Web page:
Overview

Overview of Back Pain

Back pain is one of the most common medical problems in the U.S. It can range from a dull, constant ache to a sudden, sharp pain that puts you out of action. Sometimes it can come on suddenly—from an accident, a fall, or lifting something heavy. In other cases, it can develop slowly due to age-related changes to the spine.

An anatomical illustration of a sideview of a spine. Labeled structures include: intervertebral disk, sacrum, coccyx, cauda equina, and the cervical, thoracic and lumbar spines.

Who Gets

Who Gets Back Pain?

Although anyone can have back pain, a number of factors increase your risk. They include:

  • Age: Back pain becomes more common with age, with the first attack typically between ages 30 and 40.
  • Fitness level: Back pain is more common among people who are not physically fit. For example, weak back and stomach muscles may not properly support the spine. Back pain is also more likely if you exercise a lot after being inactive for a while.
  • Diet: A diet high in calories and fat, combined with an inactive lifestyle, can lead to obesity. This can put stress on the back.
  • Heredity: Genetics play a role in some disorders that cause back pain.
  • Race: African American women are more likely than white women to develop spondylolisthesis, a condition in which bones in the lower spine slip out of place.
  • Other diseases: Back pain may be caused or worsened by some diseases, such as certain types of arthritis and cancers that spread to the spine.
  • Job-related risk factors: Jobs that requires heavy lifting, pushing, pulling, or twisting can injure the back. A desk job may also play a role, especially if you have poor posture or sit all day in an uncomfortable chair.
  • Cigarette smoking: Although smoking may not directly cause back pain, it increases your risk of developing low back pain and sciatica, which is back pain that travels to the hip and/or leg. Smoking can also slow healing from back injuries or surgeries.

Types

Types of Back Pain

  • Acute pain is pain that hits you suddenly after an accident, a fall, or lifting something heavy. Acute pain is the most common type of back pain and lasts no longer than six weeks.
  • Chronic pain may come on either quickly or slowly and lasts a long time, generally longer than three months. This type of back pain is much less common.

Causes

Causes of Back Pain

Back pain can be caused by many different things, including:

  • Mechanical problems in the way your spine moves or the way you feel when you move your spine in certain ways. Mechanical causes of back pain include break-down of the disks between the bones of the spine, ruptured disks, spasms, and muscle tension.
  • Injuries such as sprains and fractures can cause either short-lived or chronic pain. Sprains are tears in the ligaments that support the spine, and they can occur from twisting or lifting improperly. Fractured vertebrae are often the result of osteoporosis. Less commonly, back pain may be caused by more severe injuries that result from accidents or falls.
  • Medical conditions can cause or contribute to back pain. They include:
    • Scoliosis, curving of the spine that does not usually cause pain until middle age.
    • Spondylolisthesis, where a bone in the spine slips out of place.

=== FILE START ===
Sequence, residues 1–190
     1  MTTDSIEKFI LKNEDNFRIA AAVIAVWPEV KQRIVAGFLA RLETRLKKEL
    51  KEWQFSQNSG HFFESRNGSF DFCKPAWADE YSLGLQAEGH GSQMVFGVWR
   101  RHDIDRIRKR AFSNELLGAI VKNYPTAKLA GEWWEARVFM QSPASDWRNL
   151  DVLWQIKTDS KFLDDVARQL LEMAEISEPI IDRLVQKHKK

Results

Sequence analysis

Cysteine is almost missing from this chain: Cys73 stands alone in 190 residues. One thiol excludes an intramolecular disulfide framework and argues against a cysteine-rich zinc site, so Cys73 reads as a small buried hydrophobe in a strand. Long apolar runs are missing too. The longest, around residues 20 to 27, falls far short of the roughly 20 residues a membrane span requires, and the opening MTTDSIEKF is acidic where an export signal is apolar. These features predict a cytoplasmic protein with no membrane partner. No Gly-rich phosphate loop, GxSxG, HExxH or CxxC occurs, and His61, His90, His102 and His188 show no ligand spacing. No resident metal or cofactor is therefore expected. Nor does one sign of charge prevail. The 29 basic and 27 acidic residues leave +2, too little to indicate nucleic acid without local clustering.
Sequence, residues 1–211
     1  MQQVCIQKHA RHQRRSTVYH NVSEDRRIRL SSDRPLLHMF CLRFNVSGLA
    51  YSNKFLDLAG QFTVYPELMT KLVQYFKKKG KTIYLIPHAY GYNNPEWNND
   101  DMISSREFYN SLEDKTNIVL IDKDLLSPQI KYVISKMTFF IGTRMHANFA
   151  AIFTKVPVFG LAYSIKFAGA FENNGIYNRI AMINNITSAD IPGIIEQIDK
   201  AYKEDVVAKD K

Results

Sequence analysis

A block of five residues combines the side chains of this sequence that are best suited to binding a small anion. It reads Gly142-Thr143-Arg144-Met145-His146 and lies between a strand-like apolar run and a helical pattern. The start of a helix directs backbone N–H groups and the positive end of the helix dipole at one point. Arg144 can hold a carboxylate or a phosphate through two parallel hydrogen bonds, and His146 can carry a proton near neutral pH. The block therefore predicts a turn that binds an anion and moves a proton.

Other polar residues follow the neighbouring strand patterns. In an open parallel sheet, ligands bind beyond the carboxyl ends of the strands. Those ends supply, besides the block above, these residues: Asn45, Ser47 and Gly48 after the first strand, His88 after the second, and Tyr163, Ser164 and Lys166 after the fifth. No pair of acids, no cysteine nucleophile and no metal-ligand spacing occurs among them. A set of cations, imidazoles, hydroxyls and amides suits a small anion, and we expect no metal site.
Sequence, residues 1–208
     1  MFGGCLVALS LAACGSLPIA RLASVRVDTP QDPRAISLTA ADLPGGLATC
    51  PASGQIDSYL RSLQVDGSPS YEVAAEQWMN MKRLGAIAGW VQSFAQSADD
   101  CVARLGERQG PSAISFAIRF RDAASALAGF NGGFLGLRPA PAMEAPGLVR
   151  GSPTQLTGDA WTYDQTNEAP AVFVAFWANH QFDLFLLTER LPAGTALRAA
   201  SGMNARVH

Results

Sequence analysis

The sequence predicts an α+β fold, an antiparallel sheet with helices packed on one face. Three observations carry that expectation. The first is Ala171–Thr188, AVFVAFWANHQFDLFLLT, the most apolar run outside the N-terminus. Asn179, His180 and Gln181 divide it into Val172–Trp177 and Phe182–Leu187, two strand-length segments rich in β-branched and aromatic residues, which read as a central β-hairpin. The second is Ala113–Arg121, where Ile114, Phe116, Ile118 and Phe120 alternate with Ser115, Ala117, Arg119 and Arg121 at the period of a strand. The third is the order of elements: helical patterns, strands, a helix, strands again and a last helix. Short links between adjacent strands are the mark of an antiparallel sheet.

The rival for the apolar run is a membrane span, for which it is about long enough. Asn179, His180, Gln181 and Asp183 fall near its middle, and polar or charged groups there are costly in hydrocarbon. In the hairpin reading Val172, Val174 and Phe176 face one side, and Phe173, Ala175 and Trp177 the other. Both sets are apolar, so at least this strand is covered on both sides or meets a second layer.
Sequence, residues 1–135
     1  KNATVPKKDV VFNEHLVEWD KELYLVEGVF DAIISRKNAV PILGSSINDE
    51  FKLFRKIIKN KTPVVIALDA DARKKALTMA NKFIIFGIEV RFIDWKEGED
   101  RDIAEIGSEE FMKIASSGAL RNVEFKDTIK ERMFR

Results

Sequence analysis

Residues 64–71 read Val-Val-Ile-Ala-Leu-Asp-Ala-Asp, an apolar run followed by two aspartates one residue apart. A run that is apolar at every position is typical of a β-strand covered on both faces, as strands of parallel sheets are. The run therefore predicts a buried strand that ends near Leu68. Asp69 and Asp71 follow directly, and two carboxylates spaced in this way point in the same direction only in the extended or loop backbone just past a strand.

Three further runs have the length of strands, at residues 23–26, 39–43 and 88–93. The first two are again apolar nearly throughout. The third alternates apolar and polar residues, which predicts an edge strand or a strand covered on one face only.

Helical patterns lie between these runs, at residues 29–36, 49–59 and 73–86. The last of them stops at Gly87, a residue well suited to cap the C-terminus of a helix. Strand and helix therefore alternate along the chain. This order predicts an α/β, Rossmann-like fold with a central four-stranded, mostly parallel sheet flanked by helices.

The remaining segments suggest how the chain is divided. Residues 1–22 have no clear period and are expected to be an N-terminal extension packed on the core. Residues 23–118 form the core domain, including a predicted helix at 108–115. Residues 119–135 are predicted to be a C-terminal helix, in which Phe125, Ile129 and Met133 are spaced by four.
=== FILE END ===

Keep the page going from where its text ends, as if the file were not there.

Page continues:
• Various forms of arthritis.
    • Spinal stenosis, a narrowing of the spinal column that puts pressure on the spinal cord and nerves.
    • Osteoporosis, which can lead to painful fractures of the vertebrae.
    • Pregnancy.
    • Kidney stones or infections.
    • Endometriosis, which is the buildup of uterine tissue in places outside the uterus.
    • Fibromyalgia, a condition of widespread muscle pain and fatigue.
    • Infections can cause pain when they involve the bones of the spine or the disks between these bones.
    • Tumors can cause back pain in rare cases. Tumors may appear in the back or be the result of cancer that has spread from other parts of the body.
  • Stress can worsen pain by causing back muscles to become tense and painful.

 

    Treatment

    Treatment of Back Pain

    Treatment for back pain generally depends on how long your pain lasts:

    • Acute (short-term) back pain usually gets better on its own. Exercises or surgery are usually not recommended for acute back pain. There are some things you may try while you wait for your pain to get better:
      • Acetaminophen, aspirin, or ibuprofen will help ease the pain.
      • Get up and move around to ease stiffness, relieve pain, and have you back doing your regular activities sooner.
    • Chronic (long-term) back pain is typically treated with nonsurgical options before surgery is recommended.
      • Nonsurgical Treatments:
        • Hot or cold packs can be soothing to constantly sore, stiff backs.
        • Exercise can help ease chronic pain and may reduce the risk of it returning. Check with your doctor before starting a new exercise routine.
        • Medications to treat chronic back pain are available over the counter or by prescription.
          • Pain relievers that are taken by mouth or applied to the skin. Examples include acetaminophen and aspirin.
          • Nonsteroidal anti-inflammatory drugs (NSAIDs) relieve pain and inflammation. Examples include ibuprofen, ketoprofen, and naproxen sodium.
          • Muscle relaxants and some antidepressants may be prescribed for some types of chronic back pain.
          • Your doctor may suggest steroid or numbing shots to lessen your pain.
        • Traction involves using pulleys and weights to stretch the back, which may allow a bulging disk to slip back into place. Your pain may be relieved while in traction, although pain returns once you aren’t in traction.
        • Behavioral modification teaches you to:
          • Move your body properly while you do daily activities, especially those involving heavy lifting, pushing, or pulling.
          • Practice healthy habits, such as exercise, relaxation, regular sleep, proper diet, and quitting smoking.
        • Complementary and alternative treatments are an option when medications and other therapies do not relieve pain. Examples include:
          • Manipulation. Professionals use their hands to adjust or massage the spine or nearby tissues.